It’s the same reason drunks have the uncanny knack for surviving car accidents… they are relaxed at impact while sober people tighten up trying to avoid the inevitable and their own desire to survive helps kill them.

It’s like the football team playing the prevent. They aren’t playing to win, they are playing not to lose. The greatest comebacks in history were made against teams that had given up on playing to win and decided to try not to lose.

Clinging to what you have is an act of desperation. It isn’t creative, it isn’t helpful, and you won’t like the results.

The secret to creative growth is the opposite of clinging, it is the act of letting go.

The First Step Toward Ending Procrastination

In this post I am going to:

  • Illustrate a root cause of procrastination
  • Show a simple way to improve your emotional state
  • Stress the importance of action, regardless of inspiration

This post doesn’t address all the complexities involved in procrastination, but it does get to the root of one major cause.

Tell me if this story sounds familiar to you:

You need to work on a project. It could be any project, for school, for a customer, for an employer, for your spouse, or for yourself. Maybe it’s new software, a blog post, negotiating a lease, developing a brand, or getting in shape.

Your logical mind knows the project is within your abilities, that working on the project will be interesting and rewarding, and that you’ll find satisfaction upon completing your project.

But knowing the above doesn’t matter—you procrastinate anyway.

Why do you procrastinate even when you know taking action will be rewarding?

You have an emotional hang-up. It feels like a tightness in your chest—like a cross between fear and guilt. It’s an emotional dam in your creative stream. You want to bust that dam and get the stream flowing before you act.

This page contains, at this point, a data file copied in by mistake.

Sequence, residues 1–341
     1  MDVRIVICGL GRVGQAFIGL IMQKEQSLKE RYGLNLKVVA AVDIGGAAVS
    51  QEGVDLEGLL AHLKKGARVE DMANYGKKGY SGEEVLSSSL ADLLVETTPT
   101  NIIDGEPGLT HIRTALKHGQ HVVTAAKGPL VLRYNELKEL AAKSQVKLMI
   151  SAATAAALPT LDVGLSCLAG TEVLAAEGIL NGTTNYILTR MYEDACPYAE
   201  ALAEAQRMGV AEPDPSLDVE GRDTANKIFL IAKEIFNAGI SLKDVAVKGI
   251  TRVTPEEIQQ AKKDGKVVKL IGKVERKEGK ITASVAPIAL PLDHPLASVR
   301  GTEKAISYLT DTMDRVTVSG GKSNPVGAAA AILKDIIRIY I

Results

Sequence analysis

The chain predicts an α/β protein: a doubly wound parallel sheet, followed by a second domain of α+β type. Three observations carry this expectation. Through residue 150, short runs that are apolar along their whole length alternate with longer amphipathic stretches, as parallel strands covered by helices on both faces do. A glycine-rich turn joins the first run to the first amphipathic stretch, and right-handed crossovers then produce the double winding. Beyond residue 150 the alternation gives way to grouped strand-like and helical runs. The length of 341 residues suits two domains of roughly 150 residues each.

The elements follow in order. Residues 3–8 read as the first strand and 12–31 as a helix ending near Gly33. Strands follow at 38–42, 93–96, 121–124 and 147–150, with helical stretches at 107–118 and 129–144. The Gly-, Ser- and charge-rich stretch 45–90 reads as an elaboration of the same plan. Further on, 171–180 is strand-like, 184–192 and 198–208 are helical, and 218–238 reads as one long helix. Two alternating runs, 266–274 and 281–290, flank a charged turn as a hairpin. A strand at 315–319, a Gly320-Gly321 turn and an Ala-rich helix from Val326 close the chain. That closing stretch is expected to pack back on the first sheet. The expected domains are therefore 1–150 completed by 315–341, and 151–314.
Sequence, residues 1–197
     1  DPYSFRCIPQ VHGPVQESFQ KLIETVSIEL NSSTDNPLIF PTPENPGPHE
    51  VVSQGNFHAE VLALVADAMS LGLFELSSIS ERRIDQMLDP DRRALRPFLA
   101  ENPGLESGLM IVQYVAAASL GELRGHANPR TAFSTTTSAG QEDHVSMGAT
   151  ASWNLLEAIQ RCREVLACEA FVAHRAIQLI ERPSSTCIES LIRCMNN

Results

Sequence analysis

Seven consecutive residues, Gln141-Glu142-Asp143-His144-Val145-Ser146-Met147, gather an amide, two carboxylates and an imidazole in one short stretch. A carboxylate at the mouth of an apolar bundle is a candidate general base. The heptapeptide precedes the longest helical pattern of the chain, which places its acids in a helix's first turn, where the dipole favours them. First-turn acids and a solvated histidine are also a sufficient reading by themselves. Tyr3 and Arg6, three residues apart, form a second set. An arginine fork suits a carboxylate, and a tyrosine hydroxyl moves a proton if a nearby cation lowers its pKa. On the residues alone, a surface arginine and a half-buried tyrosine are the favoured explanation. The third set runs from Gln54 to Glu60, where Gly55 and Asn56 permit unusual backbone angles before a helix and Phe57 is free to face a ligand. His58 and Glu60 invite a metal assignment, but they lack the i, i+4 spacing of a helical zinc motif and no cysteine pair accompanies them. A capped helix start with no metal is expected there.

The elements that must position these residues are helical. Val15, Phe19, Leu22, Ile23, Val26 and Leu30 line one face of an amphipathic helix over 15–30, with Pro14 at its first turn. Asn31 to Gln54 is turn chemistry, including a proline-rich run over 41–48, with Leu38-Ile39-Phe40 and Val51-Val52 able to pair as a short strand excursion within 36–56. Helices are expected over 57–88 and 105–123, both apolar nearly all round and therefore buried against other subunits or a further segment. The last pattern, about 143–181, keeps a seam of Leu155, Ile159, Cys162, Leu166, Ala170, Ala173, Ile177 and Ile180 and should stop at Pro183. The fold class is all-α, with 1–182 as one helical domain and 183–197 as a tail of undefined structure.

So you tell yourself, “I don’t feel like doing this right now.” You aren’t lying to yourself—you feel sick about it, so you blow it off until you feel better. You find a distraction that gives you immediate relief, a video game, a night out, food, television, surfing nonsense on the internet, or even drugs and alcohol.

You’re hoped “a little fun” will make you feel better so you can get motivated. But now you’ve taken a night off, and when you face your project, that same ugly feeling returns, only more intense this time, and you escape into another distraction.

But you remember working on projects in the past, and it wasn’t bad. In reality, working on the project made you feel great. So why don’t you do it?

It comes from years of mental programming. As a child you started saying “I don’t feel like it” to your parents, other kids, and your teachers.

You’ve made it a habit to avoid things you don’t feel like doing.

You came to believe you had to feel a certain way in order to take action. Somehow your learning process was interrupted. You began to look for stuff “you felt like doing” and did only that.

But you got it wrong. You judged the worthiness of an activity based on the feelings you had before you acted. Emotional health is developed by acting and thinking in a way that is likely to result in a positive emotional state despite your feelings at the moment.

How you feel right now doesn’t matter. If you want to feel happy and free…

All that matters is the likely result of the next action you take.

I am not asking, “Is it likely to make you feel good for the next five minutes?”